Need to spend more on artificial intelligence, says Army Chief
'Our adversary on the northern borders is spending a huge amount of money on artificial intelligence and cyber warfare,' said Bipin Rawat.
Noting that "advancement in technology" has led to "a revolution in military affairs" adding new dimensions to future warfare, Army Chief General Bipin Rawat on Sunday stressed the need for spending more on "artificial intelligence" to compete with "our adversary on the northern borders."
General Rawat said: "Our adversary on the northern borders is spending a huge amount of money on artificial intelligence and cyber warfare. We cannot be left behind. It is time for us also to focus on artificial intelligence and big data analysis rather than just keeping in confined to near definitions."
Army Chief General Bipin Rawat: Our adversary on northern borders is spending huge amounts of money on artificial intelligence & cyber warfare, we can't be left behind. It's time to focus on artificial intelligence & big data analysis than keeping it confined to definitions. pic.twitter.com/lQk1VsWEDs— ANI (@ANI) January 20, 2019
"I dare to say that as of now we understand what artificial intelligence and big data analysis is but I don`t think we really understood how to incorporate this and utilise this to our advantage. So it is important that we incorporate the industry to see what advantages can come through artificial intelligence and all the data available and how can we utilise it to our benefit," said General Rawat.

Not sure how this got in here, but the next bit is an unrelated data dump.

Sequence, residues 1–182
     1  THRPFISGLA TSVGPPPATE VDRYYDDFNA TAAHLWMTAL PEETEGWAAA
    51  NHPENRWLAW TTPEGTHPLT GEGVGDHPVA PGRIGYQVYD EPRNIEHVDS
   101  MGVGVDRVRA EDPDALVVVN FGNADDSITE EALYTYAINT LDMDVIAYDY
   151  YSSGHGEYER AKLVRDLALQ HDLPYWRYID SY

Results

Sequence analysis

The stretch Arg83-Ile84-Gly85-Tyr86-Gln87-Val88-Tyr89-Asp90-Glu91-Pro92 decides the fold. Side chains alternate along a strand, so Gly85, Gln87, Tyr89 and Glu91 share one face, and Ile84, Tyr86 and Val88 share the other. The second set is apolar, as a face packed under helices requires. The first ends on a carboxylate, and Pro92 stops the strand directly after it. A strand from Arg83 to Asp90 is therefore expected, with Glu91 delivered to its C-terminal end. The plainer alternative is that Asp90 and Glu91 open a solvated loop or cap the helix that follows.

Speaking at the valedictory session of the national conference on "Self-reliance in Defense Manufacturing edition 2.0" here, General Rawat said: "India should ensure that it empires in military systems in weapons, equipment, and ammunition."
"The Government of India is opening two sectors-one in UP and other in Tamil Nadu for defence manufacturing. Rather than becoming an import industry, we should become export-oriented," he added.
"We do have self reliance to some extent but we need to incorporate the industrial sector into defence manufacturing."
Talking about future dimensions of warfare, General Rawat said: "There is a revolution in military affairs that is taking place due to advancement in technology. Indian defence forces should be prepared for future dimensions of warfare, whether it is defence of our borders, combating proxy walls, terrorism, insurgencies or other internal security disturbances."
He insisted on indigenous production and said: "The time has come to look into what is inwards. Whatever we have imported so far has come with a huge cost. When we come for indigenous production it will be easier to understand what are costs involved in the manufacture. I can say with some hope that the amount we will spend on indigenous production will certainly be lesser than what we are spending on imports."
General Rawat also said: "We want to see good advancement in technology. We want to generate competition and that can only come from the industry. The industry should also try and get some technology from abroad. Eastern countries who have got a good technological base will be willing to support us because they know that the numbers matter and the numbers are here in the country."
Further emphasising the need for defence technologies, General Rawat said: "We should be spending on defence technologies. 'Make in India' initiatives are moving fast. We have opened our procedures to industries. What do we need to address on a priority is intelligence and surveillance. We have huge borders over 4,000 kilometres extending in the north and over 2,500 kilometres in the west."
"To have a deep vision into adversary's territory we need to be capable and have equipment that can look across. This equipment could either be based on satellites, fortunately, we have some but not adequate to keep the continuous surveillance or through other means," said General Rawat.